October 04, 2017
Markelle Fultz was beloved by the scouting community during his lone college season, rocketing up to No. 1 on just about every draft board. Or at least that’s what were were led to believe, because the rookie guard is getting no love from any of the general managers in charge of the NBA’s 30 teams.
The league’s annual GM survey came out on Wednesday morning, and most of the survey results went about as you expected: LeBron James is the MVP favorite, the Golden State Warriors are the title favorite, and water is wet. NBA GM’s swerved a bit, however, when asked about who would be awarded Rookie of the Year for 2017-18, however, and did not give Markelle Fultz a single vote in the process.
Here’s what the vote split looked like:
|Dennis Smith Jr.||2|
This could be interpreted as some pretty flagrant disrespect of Fultz. After all, it was only a few months ago that the Sixers were showered with adulation for pulling off the trade that brought them the No. 1 pick, and the opportunity to select Fultz.
Realistically, there are factors working against Fultz this season. Say what you will about how ridiculous LaVar Ball and his antics are, but Lonzo Ball has the glitz of LA behind him, which always factors into awards like these. It’s only the preseason, and Ball is already getting credit for plays he had absolutely nothing to do with.
Lonzo Ball isn't even in, but his influence to make the early up court pass is evident. #Lakers gonna be FUN pic.twitter.com/uSm4sL0Ltr— BBALLBREAKDOWN (@bballbreakdown) October 1, 2017
Lonzo Ball scouring report:— shamus (@shamus_clancy) October 2, 2017
Weaknesses: questionable shooting mechanics, defense
Strengths: Telekinesis https://t.co/toqu6M7eky
Good luck taking down that hype machine.
There’s a decent likelihood Fultz also won’t be the best rookie on his own team, and in the little action we’ve seen during the preseason, Ben Simmons has absolutely taken more control of the Sixers than Fultz has. That’s not a criticism of Fultz, who is still getting adjusted to his new surroundings, but it’s hard to see a second-fiddle guy — and really third-fiddle, once Joel Embiid is back — winning top rookie honors.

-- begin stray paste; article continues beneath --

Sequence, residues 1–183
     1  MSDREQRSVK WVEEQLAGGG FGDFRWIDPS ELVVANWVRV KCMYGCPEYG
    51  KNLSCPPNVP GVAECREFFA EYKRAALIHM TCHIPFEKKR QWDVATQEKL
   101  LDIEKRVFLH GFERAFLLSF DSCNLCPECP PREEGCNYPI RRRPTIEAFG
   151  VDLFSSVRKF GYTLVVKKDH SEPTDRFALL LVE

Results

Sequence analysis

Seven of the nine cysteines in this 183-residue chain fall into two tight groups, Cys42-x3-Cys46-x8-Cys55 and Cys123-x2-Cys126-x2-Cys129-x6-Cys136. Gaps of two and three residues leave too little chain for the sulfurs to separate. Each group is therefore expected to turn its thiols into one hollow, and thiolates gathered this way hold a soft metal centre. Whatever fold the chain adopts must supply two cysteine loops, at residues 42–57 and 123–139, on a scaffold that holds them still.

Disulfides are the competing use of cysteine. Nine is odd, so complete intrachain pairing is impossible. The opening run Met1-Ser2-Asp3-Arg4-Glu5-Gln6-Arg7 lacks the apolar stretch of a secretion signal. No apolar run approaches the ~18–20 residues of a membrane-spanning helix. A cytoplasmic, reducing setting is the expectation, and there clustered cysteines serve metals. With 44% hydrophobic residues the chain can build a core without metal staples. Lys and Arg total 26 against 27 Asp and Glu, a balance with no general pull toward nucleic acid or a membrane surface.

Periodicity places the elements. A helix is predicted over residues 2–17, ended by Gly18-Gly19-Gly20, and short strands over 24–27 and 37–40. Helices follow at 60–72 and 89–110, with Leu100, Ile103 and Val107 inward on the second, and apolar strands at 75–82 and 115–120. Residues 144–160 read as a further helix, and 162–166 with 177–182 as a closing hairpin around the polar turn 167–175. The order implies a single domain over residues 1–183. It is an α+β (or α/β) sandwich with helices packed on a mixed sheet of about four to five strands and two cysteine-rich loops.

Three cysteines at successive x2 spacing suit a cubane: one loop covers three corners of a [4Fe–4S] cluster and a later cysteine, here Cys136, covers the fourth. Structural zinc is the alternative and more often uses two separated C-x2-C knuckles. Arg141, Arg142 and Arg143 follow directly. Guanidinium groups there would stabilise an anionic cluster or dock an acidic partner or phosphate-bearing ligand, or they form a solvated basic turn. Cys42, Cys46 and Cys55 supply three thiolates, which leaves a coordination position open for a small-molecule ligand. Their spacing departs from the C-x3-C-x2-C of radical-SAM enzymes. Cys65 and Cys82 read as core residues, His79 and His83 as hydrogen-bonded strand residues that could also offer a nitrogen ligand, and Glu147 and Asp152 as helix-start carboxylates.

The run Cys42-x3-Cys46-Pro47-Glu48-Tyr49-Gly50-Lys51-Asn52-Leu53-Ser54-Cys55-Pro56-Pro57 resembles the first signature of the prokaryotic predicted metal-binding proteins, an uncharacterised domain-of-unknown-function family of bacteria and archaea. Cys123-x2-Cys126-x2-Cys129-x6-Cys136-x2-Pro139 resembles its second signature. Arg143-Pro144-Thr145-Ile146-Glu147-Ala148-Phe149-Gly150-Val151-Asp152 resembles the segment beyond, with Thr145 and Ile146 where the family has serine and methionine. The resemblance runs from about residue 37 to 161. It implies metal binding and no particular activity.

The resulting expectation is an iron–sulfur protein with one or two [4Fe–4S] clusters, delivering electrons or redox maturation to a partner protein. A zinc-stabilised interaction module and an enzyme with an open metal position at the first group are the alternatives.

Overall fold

Even if that’s the case, Fultz sounds unbothered by what general managers around the league think. I asked him about the vote tally at Wednesday’s shootaround, and he insisted it’s not the sort of thing at the forefront of his mind.
“It really doesn’t bother me,” said Fultz. “I know what I’m capable of, I know what my goals are. I don’t really look into it, that’s what they think and that’s their opinion. At the end of the day I’m going to work to do what my goals are and what my team goals are.
Fultz appears content to focus on the bigger picture, rather than worry too much about survey results. There are bigger fish to fry for the 19-year-old guard, and the aforementioned partnership with Simmons is at or near the top of his priority list. He’s excited for the training wheels to come off, and he thinks teams will struggle to deal with the uncertainty created by the Sixers’ young backcourt.
“It’s going to be times where [Ben’s] pushing, then I’m pushing,” said Fultz. “You never know when I’m going to be bringing the ball up , and you never know when he’s going to be bringing the ball up. It’s going to throw a lot of teams off, and I’m looking forward to it.”
Philadelphians (myself included) have been a tad obsessed with the rookie honors for the last few seasons, in part because it was one of the few things the franchise could hang their hat on. But the Sixers are moving into a new stage of the rebuilding process, and major goals like a playoff appearance or an All-Star berth are within reach.
Having the consensus “best” rookie would be nice, but it’s not the end-all, be-all it felt like during seasons where 25 wins meant the mission was accomplished. The long-term is more important.
And on that front, 21 percent of the same set of GM’s believe Fultz will be the best player in his class five years down the line. That’s second to Phoenix’s Josh Jackson (24 percent), who also didn’t get a vote in the 2017-18 Rookie of the Year predictions. If he ends up being the best player in his class, neither Fultz or any of the people watching him ball out will care about who won Rookie of the Year, let alone what the results of a preseason survey were.
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